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Photos made with invisible infrared light, rather than visible light, yield wildly strange and eerie photographs that always have the “WOW Factor.” For landscapes or scenic imagery, infrared (IR) photography is highly regarded as fine art. But back in the days of film photography, shooting infrared was complicated, expensive and the results were often not great. For those with determination though, that one image that did ‘work” was always worth the trouble.
But now the complexity of capturing infrared photos has changed – digital cameras have made the technique almost foolproof, inexpensive, and a lot of fun! All you’ll need is a tripod, a special infrared filter, and any camera that is sensitive to infrared light. With a few easy steps you’ll be shooting infrared photos in no time at all.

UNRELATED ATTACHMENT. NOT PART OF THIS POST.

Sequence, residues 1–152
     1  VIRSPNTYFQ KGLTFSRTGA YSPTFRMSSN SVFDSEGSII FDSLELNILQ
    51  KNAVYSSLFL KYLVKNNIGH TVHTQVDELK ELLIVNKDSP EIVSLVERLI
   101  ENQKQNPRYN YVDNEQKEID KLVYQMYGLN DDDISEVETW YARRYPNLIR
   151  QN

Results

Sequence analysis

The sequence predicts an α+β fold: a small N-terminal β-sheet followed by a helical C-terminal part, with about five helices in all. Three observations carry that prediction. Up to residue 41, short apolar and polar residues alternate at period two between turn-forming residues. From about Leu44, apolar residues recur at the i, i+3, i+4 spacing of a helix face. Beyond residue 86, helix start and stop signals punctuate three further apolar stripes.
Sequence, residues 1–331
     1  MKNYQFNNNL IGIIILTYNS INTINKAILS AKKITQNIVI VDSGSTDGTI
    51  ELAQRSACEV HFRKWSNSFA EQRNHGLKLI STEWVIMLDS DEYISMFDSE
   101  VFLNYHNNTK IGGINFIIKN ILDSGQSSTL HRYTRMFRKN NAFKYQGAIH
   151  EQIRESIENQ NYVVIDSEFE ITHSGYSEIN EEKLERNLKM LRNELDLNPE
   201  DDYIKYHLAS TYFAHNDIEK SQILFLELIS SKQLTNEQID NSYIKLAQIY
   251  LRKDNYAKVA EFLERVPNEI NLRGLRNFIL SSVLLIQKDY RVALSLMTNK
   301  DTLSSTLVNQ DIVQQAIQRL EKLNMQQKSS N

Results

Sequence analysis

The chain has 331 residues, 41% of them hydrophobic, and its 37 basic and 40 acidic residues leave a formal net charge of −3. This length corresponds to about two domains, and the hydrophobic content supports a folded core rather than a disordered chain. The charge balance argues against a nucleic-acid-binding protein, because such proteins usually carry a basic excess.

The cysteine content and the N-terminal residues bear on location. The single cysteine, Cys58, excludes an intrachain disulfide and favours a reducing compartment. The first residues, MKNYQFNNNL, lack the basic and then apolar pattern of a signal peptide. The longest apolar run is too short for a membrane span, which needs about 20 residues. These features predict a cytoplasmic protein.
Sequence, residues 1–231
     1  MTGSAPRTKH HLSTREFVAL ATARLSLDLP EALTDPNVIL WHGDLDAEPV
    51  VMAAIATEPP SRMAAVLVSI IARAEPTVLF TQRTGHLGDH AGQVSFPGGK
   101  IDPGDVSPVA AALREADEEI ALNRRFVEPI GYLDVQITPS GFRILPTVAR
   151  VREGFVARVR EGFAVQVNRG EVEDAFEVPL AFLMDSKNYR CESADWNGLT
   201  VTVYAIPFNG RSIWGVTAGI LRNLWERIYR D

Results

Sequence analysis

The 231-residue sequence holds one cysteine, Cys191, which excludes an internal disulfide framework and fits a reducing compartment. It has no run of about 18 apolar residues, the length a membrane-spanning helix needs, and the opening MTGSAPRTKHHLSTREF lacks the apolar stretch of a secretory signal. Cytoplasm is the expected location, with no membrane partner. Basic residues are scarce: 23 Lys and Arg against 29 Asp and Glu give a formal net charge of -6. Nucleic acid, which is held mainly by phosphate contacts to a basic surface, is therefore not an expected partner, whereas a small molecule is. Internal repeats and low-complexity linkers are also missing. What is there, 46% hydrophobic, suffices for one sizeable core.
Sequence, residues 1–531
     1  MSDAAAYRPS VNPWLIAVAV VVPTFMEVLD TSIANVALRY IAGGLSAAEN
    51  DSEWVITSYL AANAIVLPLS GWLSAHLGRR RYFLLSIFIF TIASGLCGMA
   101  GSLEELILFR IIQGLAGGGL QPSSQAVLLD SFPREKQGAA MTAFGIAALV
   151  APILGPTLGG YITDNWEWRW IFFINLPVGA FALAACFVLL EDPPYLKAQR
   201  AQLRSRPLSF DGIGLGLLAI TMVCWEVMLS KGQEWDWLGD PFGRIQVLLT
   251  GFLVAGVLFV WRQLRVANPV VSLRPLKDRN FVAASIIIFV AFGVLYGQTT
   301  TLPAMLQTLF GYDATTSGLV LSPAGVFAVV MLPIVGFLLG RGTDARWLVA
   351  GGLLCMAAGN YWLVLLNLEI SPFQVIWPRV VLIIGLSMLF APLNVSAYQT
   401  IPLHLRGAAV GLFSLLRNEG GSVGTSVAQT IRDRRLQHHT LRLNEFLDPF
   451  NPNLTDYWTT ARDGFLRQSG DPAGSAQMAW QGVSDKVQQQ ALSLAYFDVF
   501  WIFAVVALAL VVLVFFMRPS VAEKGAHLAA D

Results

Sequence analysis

But before I get into the process, it’s not my intention in this article to delve into the physics of infrared light, and all the scientific mumbo jumbo that goes along with understanding WHY infrared light creates amazing images, but rather to give you some simple steps to get you started in this super creative technique.
Just know that anything that is alive will reflect a greater amount of infrared light than inanimate objects. Leaves, foliage, and grass, along with skin, reflect the greatest amounts of infrared light, and so will be the whitest objects in your image. Stones, concrete, mountains, water and sky tend to absorb infrared light and so appear as darker objects in your images. The tonality is very different from that of visible light black and white photography though. Notice how the tones of the leaves, seeds and sky are quite different in the infrared image below.